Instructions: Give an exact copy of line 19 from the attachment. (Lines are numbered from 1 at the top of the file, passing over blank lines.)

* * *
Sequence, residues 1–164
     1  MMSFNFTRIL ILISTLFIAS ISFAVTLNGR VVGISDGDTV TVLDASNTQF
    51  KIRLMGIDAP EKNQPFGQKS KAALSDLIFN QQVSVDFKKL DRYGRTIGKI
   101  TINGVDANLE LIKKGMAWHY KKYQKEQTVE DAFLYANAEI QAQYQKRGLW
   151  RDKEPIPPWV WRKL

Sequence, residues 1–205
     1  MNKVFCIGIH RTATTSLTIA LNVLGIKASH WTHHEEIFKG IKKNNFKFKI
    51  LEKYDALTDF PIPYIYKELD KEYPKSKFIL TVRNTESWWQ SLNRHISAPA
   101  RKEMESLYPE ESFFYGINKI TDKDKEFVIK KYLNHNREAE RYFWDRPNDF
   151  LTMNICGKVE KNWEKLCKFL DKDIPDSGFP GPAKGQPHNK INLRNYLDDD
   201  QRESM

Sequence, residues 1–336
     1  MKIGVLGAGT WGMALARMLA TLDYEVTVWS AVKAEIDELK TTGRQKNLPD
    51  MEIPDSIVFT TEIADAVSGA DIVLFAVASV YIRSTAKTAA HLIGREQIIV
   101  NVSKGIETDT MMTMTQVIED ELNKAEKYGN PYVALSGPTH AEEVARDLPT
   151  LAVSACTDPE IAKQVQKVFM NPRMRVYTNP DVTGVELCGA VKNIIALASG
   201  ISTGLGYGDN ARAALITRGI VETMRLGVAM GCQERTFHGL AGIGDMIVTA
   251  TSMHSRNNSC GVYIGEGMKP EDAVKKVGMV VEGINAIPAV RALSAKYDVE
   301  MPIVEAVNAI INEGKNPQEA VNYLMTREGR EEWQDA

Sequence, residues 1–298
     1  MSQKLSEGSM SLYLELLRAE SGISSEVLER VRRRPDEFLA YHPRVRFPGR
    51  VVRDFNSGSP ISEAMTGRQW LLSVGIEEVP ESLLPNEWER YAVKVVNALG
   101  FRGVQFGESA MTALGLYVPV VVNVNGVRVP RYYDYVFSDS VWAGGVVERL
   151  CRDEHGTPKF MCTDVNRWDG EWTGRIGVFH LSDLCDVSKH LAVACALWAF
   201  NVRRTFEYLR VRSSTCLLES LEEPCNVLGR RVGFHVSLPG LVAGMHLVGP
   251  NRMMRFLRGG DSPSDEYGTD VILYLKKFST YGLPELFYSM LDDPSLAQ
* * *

   301  MPIVEAVNAI INEGKNPQEA VNYLMTREGR EEWQDA